What does digital mean for a Labour government?
Labour’s review of digital government succeeded on its own terms. Despite scepticism when it was launched, the review successfully engaged with a large number of people. It set out a clear commitment to increasing digital inclusion. It points the way for the continuation of the Government Digital Service under a Labour government. It contains some really strong thinking around the empowerment of local communities. And in the form of Jon Cruddas’ supportive speech, it was even inspirational.
However, its constrained remit means that the Labour Party has three, inter-related holes in its approach digital government.
1. What next for GDS?
The review recommends that GDS completes its task of building the 25 exemplars. That will reduce the cost per transaction of the lionshare of government transactional services. What then? Does GDS just work methodically down the list of transactions until all those over 100,000 p.a. have been redesigned? Or does it turn to other important activities of government — a digital by default spending review, digitising health or the police — or even just ministerial correspondence?
Labour was quiet on this point. A clear mandate for ‘business as usual’ but little future direction. GDS contains some of the brightest, most able civil servants — many of whom are experts in their field. That won’t last forever. But whilst it does, they need to be given every opportunity to succeed.
2. What future for transforming government?
GDS has been a fascinating model for transforming government. Outsiders, typically hired as civil servants. Based off-site, with licence to do there own thing. Some very big carrots (has any other part of government generated as much good PR in the last 5 years?) and the sticks of transparency and spending controls. It’s attracted experts from civil society, the private and public sector. GDS has achieved more than any number of senior civil servant restructures.
However, it’s not clear that GDS scales. Departments that don’t have an exemplar are struggling to make real headway with service transformation beyond migrating content to gov.uk. Those working in the major transactional services but outside exemplars have often been little changed by the head-down, single-mission approach of the exemplars — (DH and FCO excepted). For example, DECC is still rolling out expensive policies for renewable energy that no-one wants.
Each change of government has introduced a new cohort of ministers to the secret that Whitehall can achieve little change. The next change of government will be little different. Labour needs to learn all it can about what has and hasn’t worked about GDS, to understand how it can introduced innovations and enhancements to the civil service. If not this review, then when?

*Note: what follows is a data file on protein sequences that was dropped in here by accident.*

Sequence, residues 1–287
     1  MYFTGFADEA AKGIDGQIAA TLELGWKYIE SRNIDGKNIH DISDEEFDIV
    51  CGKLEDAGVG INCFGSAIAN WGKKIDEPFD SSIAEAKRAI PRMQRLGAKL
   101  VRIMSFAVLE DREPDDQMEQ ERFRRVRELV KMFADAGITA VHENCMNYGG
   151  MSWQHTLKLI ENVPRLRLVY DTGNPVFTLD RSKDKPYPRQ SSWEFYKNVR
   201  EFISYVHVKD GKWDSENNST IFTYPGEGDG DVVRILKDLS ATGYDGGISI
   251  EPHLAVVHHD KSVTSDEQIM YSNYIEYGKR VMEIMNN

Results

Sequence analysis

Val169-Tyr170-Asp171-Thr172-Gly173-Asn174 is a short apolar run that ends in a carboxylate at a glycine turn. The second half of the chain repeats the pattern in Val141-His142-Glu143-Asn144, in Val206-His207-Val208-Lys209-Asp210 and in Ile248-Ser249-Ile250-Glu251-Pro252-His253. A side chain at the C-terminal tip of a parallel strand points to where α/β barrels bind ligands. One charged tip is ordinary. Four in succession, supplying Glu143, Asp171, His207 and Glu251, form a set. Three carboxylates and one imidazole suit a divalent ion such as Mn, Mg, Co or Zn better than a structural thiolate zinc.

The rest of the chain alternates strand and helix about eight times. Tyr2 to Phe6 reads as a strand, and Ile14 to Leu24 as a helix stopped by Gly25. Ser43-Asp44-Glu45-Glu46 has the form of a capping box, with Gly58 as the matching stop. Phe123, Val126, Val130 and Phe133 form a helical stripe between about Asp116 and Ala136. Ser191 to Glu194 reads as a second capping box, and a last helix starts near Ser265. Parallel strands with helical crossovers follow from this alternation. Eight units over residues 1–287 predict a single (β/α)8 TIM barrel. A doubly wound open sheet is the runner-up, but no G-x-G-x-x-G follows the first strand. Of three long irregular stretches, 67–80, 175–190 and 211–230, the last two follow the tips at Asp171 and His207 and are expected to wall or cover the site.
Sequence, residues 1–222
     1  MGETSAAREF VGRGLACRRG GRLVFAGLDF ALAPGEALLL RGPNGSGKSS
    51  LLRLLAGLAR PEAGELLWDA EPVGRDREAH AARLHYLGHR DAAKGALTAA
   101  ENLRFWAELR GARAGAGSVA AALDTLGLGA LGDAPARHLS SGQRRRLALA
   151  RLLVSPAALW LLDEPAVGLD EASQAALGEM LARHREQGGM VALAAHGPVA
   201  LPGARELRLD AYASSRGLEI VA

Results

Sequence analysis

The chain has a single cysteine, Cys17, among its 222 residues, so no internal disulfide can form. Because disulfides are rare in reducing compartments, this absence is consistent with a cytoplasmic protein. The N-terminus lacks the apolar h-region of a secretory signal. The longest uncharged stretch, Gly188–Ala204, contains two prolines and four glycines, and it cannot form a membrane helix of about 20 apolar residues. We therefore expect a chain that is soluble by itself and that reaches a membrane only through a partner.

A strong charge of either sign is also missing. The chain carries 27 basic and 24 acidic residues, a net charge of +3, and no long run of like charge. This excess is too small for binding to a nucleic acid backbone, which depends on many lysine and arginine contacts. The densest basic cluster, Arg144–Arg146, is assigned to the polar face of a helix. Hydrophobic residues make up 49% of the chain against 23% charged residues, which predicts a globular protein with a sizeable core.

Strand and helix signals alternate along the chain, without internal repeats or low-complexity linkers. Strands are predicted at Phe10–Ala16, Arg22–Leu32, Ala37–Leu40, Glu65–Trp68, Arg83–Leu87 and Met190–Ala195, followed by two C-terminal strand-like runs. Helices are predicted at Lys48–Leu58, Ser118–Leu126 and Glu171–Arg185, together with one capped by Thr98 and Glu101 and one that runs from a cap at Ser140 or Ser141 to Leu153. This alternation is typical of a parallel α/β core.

And what when GDS succeeds? Lots of civil servants in administrative roles — many in safe Labour seats — without a job. Will a digital skills programme for civil servants be sufficient to manage the next wave of post-industrialisation in Newcastle, Sheffield, Coventry and beyond?
3. What does digital mean for government?
Digital will challenge government in a number of ways. The consequences of the exemplars have been little debated. But, for example, handing every citizen their own online tax account ought to have a significant impact of people’s awareness of their total payroll tax. Great digital services will change the citizen’s relationship with government. What’s a Labour vision for this more personalised relationship?
More prosaically, good digital needs good ministers. Not grand plans or ‘eye-catching initiatives’ announced to great fanfare but with minimal consideration. And that’s a hard sell internally. Tagging ‘digital minister’ to each Secretary of State’s long list of responsibilities will be insufficient. There’s no evidence Labour has grasped this. Cruddas’ strong speech is a prime example. It confirms Labour’s policies for regional banks to increase business lending outside London. Perhaps that’ll work. Or perhaps some will be a disaster. But it’s a, expensive solution looking for a problem. Cheaper alternatives to explore alternative solutions abound. Would transparency do the trick? Labour could have created a map where citizens could see how much each bank leant to businesses in their region. What about a local authority-led regional crowd-funding campaign? None would have the scale or impact of a regional bank. But both would help better understand the nature of the problem and deliver cheaper, quicker pilots to start tackling it.T
None of this should detract from an excellent piece of work, delivered in an open and engaging way, and with some strong recommendations. But digital transformation is hard because it goes beyond traditional siloes, requiring senior leadership buy-in if it is to succeed. That couldn’t be achieved only by a review from a junior shadow cabinet office minister. But the absence of vision is a concern for any digital Labour sympathiser.